An activity pack for schools and youth workers

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This section provides a glossary of terms and references to other useful websites.

Websites -

Website of the Equality Commission for Northern Ireland which has information on a range of equality issues including racial equality and this activity pack and its updates.

Website of the National Consultative Committee on Racism and Interculturalism which has a wide range of background information and this activity pack and its updates.

Website of the Equality Authority in the Republic of Ireland with information on a range of equality issues, including information about the recent equality legislation.

Website of the UN High Commission for Human Rights; for further information about the forthcoming World Conference on Racism.

Website of the UN High Commissioner for Refugees includes a section especially for teachers (see 'for teachers' on the main page of the site). For primary schools there is a free seven minute video and support pack - 'Carly' - which is an educational tool for 5 - 8 year olds and includes a handbook and notes for teachers. This pack and video are available from the UNHCR, 27 Upper Fitzwilliam Street, Dublin 2 or UNHCR, 21 - 24 Milbank Tower, London, SW1P 4QP.

Website of the Department of Justice, Equality and Law Reform which includes press statements on Ireland's recent ratification of the CERD and the forthcoming national anti racism public awareness programme.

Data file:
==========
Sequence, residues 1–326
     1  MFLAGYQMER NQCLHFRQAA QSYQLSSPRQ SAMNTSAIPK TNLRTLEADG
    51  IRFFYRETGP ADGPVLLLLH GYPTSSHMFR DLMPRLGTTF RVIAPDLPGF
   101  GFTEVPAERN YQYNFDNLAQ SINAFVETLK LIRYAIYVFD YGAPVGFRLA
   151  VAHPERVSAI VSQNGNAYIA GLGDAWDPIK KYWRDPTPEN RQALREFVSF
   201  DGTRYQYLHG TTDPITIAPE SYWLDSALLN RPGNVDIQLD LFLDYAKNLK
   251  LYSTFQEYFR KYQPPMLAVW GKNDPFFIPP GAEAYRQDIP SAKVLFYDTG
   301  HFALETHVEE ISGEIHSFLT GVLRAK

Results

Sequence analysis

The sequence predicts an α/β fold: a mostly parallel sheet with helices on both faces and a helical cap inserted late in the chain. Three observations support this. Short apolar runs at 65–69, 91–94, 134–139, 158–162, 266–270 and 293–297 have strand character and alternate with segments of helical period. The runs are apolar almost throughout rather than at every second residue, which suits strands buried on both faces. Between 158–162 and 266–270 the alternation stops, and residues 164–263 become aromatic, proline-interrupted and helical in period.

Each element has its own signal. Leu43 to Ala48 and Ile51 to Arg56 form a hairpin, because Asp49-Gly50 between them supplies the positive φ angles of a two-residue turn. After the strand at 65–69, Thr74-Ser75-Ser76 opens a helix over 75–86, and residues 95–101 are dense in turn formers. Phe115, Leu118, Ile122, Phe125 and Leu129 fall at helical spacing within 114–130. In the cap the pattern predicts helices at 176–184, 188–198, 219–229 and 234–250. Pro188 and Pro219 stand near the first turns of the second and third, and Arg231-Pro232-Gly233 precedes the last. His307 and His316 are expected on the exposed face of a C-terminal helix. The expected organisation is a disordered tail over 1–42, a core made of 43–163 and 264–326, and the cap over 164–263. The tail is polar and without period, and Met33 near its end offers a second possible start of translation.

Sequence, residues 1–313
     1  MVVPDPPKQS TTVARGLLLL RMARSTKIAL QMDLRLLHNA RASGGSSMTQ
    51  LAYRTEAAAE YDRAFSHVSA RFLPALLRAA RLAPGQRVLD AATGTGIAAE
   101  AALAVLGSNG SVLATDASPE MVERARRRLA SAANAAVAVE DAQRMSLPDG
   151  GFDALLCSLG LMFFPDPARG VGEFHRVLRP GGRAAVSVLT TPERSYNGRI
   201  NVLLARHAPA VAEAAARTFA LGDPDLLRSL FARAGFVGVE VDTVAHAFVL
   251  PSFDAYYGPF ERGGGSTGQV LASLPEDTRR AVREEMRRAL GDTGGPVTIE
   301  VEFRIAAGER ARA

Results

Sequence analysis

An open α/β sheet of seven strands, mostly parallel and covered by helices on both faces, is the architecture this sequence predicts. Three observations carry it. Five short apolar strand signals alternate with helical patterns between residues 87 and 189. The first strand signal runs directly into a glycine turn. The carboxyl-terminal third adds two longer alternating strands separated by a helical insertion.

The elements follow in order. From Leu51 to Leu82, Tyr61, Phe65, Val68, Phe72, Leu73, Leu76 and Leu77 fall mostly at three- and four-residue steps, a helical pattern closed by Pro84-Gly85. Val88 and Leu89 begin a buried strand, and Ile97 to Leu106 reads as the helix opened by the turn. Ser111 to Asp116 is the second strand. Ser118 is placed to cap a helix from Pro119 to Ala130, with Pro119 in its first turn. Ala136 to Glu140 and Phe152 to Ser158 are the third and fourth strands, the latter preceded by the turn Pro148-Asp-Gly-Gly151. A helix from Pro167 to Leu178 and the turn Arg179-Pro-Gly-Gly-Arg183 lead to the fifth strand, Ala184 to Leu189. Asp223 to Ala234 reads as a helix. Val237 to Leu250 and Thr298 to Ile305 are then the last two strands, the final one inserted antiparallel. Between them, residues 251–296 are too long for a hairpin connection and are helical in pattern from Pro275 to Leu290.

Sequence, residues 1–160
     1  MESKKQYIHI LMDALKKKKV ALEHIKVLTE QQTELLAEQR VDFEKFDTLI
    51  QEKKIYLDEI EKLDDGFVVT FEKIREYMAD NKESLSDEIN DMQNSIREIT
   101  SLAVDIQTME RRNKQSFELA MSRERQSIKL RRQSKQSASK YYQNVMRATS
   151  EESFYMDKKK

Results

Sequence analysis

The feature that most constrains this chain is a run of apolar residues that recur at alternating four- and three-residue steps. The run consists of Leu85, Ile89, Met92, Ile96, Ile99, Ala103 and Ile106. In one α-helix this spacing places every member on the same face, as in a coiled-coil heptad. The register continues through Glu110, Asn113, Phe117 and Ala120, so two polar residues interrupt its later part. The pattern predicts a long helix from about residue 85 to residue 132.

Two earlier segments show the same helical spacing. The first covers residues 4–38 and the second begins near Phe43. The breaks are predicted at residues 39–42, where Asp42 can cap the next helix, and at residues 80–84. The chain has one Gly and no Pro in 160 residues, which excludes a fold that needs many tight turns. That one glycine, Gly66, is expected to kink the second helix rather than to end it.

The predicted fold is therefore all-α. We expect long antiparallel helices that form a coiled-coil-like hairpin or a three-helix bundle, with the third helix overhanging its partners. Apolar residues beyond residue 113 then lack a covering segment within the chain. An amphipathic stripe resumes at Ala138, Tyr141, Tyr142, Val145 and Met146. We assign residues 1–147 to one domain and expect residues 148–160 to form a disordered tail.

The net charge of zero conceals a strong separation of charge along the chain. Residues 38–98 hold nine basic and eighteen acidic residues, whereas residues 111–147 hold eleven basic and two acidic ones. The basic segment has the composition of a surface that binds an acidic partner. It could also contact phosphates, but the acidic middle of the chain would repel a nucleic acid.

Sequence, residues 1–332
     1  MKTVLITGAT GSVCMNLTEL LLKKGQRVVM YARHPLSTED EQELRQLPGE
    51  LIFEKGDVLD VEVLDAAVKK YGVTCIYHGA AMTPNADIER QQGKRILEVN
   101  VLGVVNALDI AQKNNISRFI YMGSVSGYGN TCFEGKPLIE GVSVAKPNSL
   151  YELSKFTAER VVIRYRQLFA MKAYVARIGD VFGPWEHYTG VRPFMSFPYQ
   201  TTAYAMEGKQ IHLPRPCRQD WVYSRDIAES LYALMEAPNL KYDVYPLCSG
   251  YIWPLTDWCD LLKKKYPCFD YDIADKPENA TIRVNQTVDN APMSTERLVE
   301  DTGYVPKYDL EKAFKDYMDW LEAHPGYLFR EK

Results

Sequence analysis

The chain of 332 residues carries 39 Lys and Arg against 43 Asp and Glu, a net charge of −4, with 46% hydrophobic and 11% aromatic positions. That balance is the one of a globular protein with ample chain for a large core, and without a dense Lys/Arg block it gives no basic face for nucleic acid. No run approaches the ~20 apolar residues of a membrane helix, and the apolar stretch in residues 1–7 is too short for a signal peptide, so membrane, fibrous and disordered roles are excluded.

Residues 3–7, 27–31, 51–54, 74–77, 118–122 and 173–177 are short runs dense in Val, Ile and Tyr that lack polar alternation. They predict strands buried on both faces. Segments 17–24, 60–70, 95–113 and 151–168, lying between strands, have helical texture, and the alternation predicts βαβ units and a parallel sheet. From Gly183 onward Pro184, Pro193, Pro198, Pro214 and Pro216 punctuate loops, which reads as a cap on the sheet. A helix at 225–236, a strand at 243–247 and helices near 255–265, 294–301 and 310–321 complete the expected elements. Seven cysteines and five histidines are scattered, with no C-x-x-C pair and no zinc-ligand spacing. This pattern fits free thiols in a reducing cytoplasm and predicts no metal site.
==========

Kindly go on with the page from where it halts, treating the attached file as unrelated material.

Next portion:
Website of the Commission for Racial Equality in London for a range of information on racial equality issues.

Website of the Northern Ireland Human Rights Commission

Website of the 1990 Trust with links to a number of other sites

Websites of the European Network Against Racism in Brussels and the Internet Centre Against Racism.

For information on the non-governmental forum in South Africa that will run parallel to the World Conference.

Website of the Human Rights Institute in Canada which includes, among other things, updated and comprehensive information on the World Conference.

Pavee Point Travellers Centre.

Irish Traveller Movement.

Irish Refugee Council

United Kingdom Refugee Council

Irish Centre for Migration Studies

The role of the Media

See workshop section and the following publications:

Glossary of Terms -

What do we mean by racism?

Any theory involving the claim that racial or ethnic groups are inherently superior or inferior, thus implying that some would be entitled to dominate or eliminate others who would be inferior; or which places a value judgement on racial differentiation, has no scientific foundation and is contrary to the moral and ethical principles of humanity (UNESCO Declaration, 1978)

'Racism is the belief that some 'races' are superior to others - based on the false idea that different physical characteristics (like skin colour) or ethnic background make some people different from others.' (Edinburgh City Council, Education Department)

There are a number of forms of racism evident in Ireland, North and South:

What do we mean by 'race'?

The term 'race' has been used in the past to indicate recognisable categories within the human species. The concept has been disproved by many academics as an attempt to rank people according to physical and biological criteria. The acceptance of 'race' as a credible concept has been used as a justification for racism. As a term 'race' is still used in both a legal and other contexts in Ireland, North and South.

Human beings are one species. Species is a biological term given to any group of animal or plants that can procreate and produce descendants. Within this species (Homo Sapiens) there is a diversity of physical features: skin colour, facial features, bone structures, hair, height, and so on. Increasingly, the term ethnic group is replacing the outmoded concept of 'race'.